The life of a trader is filled with ups and downs. When things are going well, you feel great, but it can really take a toll on you emotionally when times get tough. This week, the Topstep coaches are once again joined by long-time professional trader Carol Jorissen to discuss some of their best practices to avoid burnout as a day trader.
Funded Trader Shoutout
We’ve talked about trading “both sides of the market” quite a bit in the past. What we mean by this is the ability to reverse a position multiple times throughout the day; going from long to short and also going from short to long. Successfully day trading on both sides of a market requires a keen perception of what’s happening in that particular market as well as near-perfect timing. The trick is to NOT fall in love with any of your positions. It’s a very “reactionary” trading style, and you have to be able to get in and get out with very little warning.
The best time to trade both sides of the market is when a market is range-bound, which is happening right now in the equity index futures. If you can identify periods when prices are moving sideways, you will open yourself up to a whole new realm of opportunities.
And so, this week’s coveted funded trader shoutout goes to Mohammed W., who has been able to take advantage of the smaller swings to book a solid $1,500 trading day in the E-Mini S&P 500 and E-Mini Nasdaq-100 markets. That’s what happens when you embrace the chop!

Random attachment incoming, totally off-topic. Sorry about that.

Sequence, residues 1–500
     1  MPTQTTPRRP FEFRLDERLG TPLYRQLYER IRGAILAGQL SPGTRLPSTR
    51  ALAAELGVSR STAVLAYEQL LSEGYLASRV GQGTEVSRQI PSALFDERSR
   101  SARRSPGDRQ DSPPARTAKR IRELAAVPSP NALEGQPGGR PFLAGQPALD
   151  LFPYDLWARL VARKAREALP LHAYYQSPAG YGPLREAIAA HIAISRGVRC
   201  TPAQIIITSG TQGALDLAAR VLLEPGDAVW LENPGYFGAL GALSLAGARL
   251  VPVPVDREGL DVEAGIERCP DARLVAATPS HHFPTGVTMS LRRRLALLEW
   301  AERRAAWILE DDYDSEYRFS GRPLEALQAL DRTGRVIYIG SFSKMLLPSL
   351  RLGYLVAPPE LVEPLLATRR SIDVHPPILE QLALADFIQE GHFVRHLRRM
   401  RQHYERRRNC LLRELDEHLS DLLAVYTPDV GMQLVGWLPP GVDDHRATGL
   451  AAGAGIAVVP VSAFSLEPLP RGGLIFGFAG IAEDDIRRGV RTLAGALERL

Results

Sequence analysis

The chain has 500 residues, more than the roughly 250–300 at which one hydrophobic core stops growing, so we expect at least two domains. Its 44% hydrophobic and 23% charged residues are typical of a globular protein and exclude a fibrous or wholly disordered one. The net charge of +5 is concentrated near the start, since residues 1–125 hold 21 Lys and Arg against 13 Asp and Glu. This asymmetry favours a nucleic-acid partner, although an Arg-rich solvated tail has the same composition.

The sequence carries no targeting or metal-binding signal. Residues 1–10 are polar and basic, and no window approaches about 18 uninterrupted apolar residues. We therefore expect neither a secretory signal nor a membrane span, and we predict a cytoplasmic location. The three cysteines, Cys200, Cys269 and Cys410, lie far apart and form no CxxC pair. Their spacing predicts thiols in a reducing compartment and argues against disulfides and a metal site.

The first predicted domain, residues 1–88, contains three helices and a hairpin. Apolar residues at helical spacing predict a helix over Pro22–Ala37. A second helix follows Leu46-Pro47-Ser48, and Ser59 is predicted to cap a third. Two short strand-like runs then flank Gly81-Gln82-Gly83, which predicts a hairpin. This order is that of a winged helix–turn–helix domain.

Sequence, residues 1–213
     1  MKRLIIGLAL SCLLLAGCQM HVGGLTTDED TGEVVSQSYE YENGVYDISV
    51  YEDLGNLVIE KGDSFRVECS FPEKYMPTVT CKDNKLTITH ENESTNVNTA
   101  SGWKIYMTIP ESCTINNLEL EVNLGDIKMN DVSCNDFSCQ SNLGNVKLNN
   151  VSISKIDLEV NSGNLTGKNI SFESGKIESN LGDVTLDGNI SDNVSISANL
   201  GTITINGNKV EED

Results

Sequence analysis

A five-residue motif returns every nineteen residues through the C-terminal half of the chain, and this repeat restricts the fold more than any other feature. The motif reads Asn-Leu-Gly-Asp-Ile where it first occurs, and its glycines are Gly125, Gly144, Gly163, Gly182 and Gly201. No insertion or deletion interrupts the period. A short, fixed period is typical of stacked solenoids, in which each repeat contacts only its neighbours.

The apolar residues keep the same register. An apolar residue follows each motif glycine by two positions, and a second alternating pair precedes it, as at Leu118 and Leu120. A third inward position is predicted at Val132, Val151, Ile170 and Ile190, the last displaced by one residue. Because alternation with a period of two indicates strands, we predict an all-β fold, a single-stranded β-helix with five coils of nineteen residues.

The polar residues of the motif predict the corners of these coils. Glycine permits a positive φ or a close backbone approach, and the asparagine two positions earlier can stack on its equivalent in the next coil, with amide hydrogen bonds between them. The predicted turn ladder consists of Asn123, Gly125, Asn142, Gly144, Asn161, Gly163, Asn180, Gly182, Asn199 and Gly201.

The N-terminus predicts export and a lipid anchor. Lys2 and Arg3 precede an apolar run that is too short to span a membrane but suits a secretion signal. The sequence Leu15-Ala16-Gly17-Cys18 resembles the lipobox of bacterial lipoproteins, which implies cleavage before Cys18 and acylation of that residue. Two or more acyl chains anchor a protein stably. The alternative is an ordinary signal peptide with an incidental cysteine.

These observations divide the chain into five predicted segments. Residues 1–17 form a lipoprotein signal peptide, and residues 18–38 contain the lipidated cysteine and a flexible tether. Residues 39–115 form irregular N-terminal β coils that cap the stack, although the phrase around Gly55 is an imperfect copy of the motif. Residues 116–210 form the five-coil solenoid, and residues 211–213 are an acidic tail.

How To Avoid Burnout
When first getting started as a trader, a lot of people really don’t think about the possibility of getting stuck in a rut, that is, until the rut is staring you right in the face. So what do you do to avoid burnout when you sense it’s coming?
The coaches talk about finding a community of people who understand what you’re going through because they have gone through it themselves. It’s also beneficial to sort of getting a second set of eyes on the work you’re doing. Feedback from someone on the outside looking in might be just the thing you need to make some positive changes and get you back on track.
It also doesn’t hurt to take some time away from the markets. Rest and re-evaluation are two things to take seriously. Trading can bring out every emotion through the course of a single trading day. Hence, when the time comes, it’s important to recharge both emotionally and physically.
Stubbornness and an unyielding bias are not rewarded often in this business, so try to keep an open mind and surround yourself with a community of people who can help you through the tough times.